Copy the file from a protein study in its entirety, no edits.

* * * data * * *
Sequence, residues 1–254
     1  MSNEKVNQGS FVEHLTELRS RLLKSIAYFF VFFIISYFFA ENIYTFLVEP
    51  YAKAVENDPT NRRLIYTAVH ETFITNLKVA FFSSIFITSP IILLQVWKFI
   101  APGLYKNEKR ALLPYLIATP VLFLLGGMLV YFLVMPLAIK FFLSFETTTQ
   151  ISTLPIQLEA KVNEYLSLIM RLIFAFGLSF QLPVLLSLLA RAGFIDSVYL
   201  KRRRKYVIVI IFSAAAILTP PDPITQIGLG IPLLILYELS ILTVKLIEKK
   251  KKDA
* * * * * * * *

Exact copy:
Sequence, residues 1–254
     1  MSNEKVNQGS FVEHLTELRS RLLKSIAYFF VFFIISYFFA ENIYTFLVEP
    51  YAKAVENDPT NRRLIYTAVH ETFITNLKVA FFSSIFITSP IILLQVWKFI
   101  APGLYKNEKR ALLPYLIATP VLFLLGGMLV YFLVMPLAIK FFLSFETTTQ
   151  ISTLPIQLEA KVNEYLSLIM RLIFAFGLSF QLPVLLSLLA RAGFIDSVYL
   201  KRRRKYVIVI IFSAAAILTP PDPITQIGLG IPLLILYELS ILTVKLIEKK
   251  KKDA